How San Francisco's D.A. Is Decreasing The Jail Population Amid COVID-19 San Francisco's new District Attorney Chesa Boudin's own father is 75 and in prison in New York. In 1981, his parents, who were radical leftists, were imprisoned for being getaway drivers in a politically-motivated armed robbery. "My earliest memories are going through prison gates and metal detectors," he says. Boudin is part of a movement of progressive prosecutors working for criminal justice reform. We talk about the spread of COVID-19 in prisons and jails, and the measures he's taking to reduce the number of people incarcerated. Since he took office in January, he's reduced the county jail population by nearly 40%.
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How San Francisco's D.A. Is Decreasing The Jail Population Amid COVID-19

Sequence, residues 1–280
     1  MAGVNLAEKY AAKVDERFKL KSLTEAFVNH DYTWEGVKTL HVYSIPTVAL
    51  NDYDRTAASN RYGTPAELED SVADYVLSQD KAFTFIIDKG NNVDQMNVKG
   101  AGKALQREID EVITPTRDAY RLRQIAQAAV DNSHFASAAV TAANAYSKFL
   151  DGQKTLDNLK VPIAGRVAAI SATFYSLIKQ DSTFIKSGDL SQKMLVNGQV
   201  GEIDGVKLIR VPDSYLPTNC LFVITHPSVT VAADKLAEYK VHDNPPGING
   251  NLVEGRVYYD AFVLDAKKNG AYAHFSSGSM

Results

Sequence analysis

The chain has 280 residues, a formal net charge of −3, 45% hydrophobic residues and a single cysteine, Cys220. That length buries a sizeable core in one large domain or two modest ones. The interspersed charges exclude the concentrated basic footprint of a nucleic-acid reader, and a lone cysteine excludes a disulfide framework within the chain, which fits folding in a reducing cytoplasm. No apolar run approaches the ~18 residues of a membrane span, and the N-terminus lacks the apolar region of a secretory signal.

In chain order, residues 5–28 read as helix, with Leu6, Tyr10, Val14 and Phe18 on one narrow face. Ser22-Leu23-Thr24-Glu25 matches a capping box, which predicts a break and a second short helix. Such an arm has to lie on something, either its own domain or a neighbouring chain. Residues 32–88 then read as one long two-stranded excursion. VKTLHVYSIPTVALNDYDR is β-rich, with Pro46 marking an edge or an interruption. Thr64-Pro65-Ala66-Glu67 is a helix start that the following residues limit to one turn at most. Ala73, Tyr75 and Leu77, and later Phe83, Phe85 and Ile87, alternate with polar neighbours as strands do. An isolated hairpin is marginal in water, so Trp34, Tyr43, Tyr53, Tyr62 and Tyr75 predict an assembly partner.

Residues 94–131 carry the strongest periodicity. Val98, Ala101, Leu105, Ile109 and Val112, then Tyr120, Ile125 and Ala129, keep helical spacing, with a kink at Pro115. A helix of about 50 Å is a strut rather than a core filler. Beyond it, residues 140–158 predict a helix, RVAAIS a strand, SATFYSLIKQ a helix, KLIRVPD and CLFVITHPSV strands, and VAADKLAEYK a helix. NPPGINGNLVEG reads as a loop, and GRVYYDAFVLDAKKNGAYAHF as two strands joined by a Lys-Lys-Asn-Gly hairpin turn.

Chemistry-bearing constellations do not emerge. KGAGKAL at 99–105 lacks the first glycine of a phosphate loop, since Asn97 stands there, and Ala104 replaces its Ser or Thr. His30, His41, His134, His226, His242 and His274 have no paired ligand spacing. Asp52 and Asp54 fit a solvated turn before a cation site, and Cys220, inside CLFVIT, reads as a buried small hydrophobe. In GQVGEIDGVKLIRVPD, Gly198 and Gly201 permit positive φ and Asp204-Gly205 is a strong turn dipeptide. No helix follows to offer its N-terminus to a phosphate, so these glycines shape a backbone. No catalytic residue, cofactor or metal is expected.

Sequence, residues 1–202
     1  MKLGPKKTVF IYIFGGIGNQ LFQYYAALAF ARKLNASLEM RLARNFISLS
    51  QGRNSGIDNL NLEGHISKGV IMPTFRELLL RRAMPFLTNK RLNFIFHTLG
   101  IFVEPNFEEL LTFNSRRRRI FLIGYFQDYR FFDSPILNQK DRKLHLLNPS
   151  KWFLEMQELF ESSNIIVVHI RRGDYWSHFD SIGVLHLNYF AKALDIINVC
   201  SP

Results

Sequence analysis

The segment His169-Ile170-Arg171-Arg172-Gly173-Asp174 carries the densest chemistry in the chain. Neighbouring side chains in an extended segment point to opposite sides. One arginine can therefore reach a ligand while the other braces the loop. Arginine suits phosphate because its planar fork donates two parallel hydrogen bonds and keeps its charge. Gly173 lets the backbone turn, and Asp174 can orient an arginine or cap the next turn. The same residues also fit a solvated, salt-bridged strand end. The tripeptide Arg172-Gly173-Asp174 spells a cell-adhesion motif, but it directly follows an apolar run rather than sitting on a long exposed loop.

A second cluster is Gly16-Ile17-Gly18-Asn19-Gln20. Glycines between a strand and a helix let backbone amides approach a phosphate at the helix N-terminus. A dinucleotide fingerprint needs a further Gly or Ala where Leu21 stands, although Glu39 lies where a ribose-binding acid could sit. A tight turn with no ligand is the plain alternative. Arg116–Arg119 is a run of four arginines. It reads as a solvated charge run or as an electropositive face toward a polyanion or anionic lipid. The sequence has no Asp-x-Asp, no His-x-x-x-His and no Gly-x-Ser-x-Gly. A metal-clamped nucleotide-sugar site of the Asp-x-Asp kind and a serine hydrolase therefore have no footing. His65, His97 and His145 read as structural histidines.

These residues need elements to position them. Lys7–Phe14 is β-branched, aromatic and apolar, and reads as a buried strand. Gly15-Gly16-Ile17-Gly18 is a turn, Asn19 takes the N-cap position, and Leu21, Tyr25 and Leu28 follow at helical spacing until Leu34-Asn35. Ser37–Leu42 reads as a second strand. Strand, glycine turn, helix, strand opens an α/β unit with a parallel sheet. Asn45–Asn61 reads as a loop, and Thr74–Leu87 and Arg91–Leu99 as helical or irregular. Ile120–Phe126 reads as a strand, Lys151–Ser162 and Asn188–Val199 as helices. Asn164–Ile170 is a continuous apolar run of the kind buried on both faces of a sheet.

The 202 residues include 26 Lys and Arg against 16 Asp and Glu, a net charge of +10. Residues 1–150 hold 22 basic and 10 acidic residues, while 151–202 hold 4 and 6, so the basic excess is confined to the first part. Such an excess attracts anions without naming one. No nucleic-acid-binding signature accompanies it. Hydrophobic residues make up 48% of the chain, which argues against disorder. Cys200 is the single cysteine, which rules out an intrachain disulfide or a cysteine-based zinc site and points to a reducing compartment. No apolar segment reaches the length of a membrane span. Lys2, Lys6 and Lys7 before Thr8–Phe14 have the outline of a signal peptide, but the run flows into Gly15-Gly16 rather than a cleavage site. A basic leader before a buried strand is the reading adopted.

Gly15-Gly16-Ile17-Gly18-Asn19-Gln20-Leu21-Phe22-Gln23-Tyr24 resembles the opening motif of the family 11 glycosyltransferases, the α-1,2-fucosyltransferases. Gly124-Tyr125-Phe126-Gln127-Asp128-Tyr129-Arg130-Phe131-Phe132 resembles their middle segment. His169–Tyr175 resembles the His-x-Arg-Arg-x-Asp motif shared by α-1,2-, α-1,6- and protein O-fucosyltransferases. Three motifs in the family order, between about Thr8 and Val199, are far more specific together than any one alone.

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How San Francisco's D.A. Is Decreasing The Jail Population Amid COVID-19

How San Francisco's D.A. Is Decreasing The Jail Population Amid COVID-19

How San Francisco's D.A. Is Decreasing The Jail Population Amid COVID-19

  • Download
  • <iframe src="https://www.npr.org/player/embed/830808378/853896255" width="100%" height="290" frameborder="0" scrolling="no" title="NPR embedded audio player">

San Francisco's new District Attorney Chesa Boudin's own father is 75 and in prison in New York. In 1981, his parents, who were radical leftists, were imprisoned for being getaway drivers in a politically-motivated armed robbery. "My earliest memories are going through prison gates and metal detectors," he says. Boudin is part of a movement of progressive prosecutors working for criminal justice reform. We talk about the spread of COVID-19 in prisons and jails, and the measures he's taking to reduce the number of people incarcerated. Since he took office in January, he's reduced the county jail population by nearly 40%.